Prime minister Mark Rutte came under heavy fire from across the political spectrum for his role in the childcare benefit scandal during Tuesday’s debate, but told MPs that there is no reason for him to step down as party leader.
MPs were debating the official report into the scandal, which said an ‘unparalleled wrong’ had been done to parents who were accused of defrauding the childcare benefit system.
The report, published in December, said ministers, civil servants, parliament and even judges had a role in the affair, which left parents powerless to fight back when wrongly accused of cheating.
Rutte told MPs during the debate that he had only become directly involved in the summer of 2019, when it became clear how serious the scandal was. ‘And that goes for everyone,’ he said. ‘That is the tragedy of this entire case.’
Rutte acknowledged that the emphasis on combating fraud which his government instigated could have led tax officials to take a tougher line, but said there was no clear link between his government’s policy and the scandal.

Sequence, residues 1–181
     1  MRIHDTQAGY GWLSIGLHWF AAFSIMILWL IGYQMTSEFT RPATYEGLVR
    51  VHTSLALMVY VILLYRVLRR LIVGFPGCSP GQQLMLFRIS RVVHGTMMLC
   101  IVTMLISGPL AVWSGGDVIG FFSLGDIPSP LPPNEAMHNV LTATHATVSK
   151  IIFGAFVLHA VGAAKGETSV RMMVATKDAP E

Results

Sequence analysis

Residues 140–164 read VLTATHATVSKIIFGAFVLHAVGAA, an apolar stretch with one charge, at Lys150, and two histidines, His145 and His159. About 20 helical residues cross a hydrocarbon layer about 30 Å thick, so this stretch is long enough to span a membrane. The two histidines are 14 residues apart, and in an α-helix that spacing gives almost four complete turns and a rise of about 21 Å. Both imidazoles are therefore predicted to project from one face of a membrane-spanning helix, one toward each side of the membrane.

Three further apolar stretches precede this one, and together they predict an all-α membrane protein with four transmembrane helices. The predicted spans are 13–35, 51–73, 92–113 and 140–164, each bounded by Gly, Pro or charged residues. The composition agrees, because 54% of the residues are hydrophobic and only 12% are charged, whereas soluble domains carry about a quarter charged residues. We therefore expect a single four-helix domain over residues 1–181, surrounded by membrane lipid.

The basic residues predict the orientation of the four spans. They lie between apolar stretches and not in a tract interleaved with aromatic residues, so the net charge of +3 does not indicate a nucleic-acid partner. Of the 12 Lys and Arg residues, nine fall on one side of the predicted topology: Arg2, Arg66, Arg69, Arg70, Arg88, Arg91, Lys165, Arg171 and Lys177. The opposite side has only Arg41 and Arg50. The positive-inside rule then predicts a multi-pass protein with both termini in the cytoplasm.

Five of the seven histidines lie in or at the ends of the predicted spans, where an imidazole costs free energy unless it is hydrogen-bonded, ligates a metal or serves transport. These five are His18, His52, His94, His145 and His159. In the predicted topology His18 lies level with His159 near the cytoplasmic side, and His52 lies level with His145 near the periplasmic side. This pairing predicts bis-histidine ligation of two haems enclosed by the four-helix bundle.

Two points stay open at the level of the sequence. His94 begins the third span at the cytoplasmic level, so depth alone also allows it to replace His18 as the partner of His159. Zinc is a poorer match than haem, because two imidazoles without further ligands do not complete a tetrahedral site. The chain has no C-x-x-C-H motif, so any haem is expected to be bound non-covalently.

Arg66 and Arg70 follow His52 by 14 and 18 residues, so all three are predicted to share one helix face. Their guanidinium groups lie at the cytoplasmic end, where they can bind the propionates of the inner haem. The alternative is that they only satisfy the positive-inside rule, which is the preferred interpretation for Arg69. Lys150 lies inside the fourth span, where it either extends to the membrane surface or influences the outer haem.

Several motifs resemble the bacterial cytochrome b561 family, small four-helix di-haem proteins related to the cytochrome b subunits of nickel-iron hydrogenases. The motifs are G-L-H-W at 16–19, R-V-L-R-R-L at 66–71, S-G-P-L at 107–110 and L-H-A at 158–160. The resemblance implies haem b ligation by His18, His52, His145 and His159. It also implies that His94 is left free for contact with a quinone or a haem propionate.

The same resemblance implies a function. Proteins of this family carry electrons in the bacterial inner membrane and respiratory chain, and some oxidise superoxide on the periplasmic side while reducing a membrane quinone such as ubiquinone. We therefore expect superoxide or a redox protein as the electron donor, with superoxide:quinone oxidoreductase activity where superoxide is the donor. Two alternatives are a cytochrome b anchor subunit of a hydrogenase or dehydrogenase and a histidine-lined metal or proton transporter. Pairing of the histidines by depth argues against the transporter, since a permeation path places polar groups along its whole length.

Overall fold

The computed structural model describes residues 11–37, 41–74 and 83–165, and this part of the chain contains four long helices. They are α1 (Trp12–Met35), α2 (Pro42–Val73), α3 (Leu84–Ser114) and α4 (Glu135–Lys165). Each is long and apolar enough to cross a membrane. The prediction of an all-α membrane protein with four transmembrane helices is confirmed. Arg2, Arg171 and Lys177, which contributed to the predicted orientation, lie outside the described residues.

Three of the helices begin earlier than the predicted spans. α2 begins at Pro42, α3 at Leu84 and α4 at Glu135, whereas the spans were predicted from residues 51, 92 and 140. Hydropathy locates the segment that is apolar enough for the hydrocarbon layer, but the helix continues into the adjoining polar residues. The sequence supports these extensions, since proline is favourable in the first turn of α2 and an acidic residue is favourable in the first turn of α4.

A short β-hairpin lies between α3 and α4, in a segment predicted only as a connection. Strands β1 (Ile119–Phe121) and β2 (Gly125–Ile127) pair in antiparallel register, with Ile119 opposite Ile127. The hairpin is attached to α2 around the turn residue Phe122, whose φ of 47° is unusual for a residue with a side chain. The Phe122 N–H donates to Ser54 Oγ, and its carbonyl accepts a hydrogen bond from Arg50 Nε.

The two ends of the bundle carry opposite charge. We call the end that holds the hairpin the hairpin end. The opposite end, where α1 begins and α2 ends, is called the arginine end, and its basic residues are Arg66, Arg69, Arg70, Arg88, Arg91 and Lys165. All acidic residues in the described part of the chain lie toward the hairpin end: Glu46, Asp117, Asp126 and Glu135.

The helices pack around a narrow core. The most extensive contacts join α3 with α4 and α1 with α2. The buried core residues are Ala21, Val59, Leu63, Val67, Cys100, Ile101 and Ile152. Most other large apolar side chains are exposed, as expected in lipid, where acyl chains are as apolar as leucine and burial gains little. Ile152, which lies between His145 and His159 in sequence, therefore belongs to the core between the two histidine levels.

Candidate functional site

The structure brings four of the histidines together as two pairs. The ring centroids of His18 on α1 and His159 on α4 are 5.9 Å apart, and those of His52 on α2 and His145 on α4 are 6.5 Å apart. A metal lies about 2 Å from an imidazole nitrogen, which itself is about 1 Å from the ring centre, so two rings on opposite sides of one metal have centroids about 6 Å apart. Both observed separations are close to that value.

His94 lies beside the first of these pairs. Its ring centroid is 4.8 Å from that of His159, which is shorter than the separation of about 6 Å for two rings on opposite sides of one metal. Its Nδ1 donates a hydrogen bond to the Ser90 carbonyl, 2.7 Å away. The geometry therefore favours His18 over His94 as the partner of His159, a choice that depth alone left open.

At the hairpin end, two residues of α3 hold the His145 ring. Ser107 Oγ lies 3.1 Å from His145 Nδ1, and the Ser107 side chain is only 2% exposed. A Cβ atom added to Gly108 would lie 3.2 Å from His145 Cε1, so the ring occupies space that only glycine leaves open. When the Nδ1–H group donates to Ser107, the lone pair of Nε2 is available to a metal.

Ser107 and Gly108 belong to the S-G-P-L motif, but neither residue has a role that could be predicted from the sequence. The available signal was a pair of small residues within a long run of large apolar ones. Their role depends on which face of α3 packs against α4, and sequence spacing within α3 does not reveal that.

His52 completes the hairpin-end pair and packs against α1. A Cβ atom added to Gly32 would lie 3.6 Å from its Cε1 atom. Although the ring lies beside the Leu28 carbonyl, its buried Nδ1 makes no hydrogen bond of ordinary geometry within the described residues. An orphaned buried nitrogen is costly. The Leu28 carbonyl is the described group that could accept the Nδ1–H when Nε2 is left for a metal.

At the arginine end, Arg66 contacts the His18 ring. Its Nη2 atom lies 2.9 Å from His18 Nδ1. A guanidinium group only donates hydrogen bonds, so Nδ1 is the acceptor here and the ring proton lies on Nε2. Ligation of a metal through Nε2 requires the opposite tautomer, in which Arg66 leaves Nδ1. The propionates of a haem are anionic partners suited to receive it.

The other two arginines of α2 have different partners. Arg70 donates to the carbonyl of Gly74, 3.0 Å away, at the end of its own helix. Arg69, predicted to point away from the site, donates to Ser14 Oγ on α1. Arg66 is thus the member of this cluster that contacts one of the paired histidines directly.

Rutte offered his personal apologies to CDA MP Pieter Omtzigt for the lack of information provided to parliament. Omtzigt, together with SP parliamentarian Renske Leijten, brought the scale of the problem to light.
Nevertheless, opposition and coalition party leaders focused their attacks on the prime minister. D66 parliamentary party leader Rob Jetten said Rutte ‘still refuses to admit that his fingerprints are everywhere’. And Denk leader Farid Azarkan said: ‘Rutte and his henchmen should not be able to get away with this crime.’
Rutte denied that much of the scandal was a direct result of racism and discrimination within the tax service, even though some 11,000 dual national families had been singled out. Nevertheless, he did admit that ‘institutional racism will occur in the Netherlands’.
The government resigned on Friday because of the report findings but is staying on in a caretaker role until the March 17 general election
MPs will vote on a string of motions in relation to Tuesday’s debate, including a call for a parliamentary inquiry, next week.
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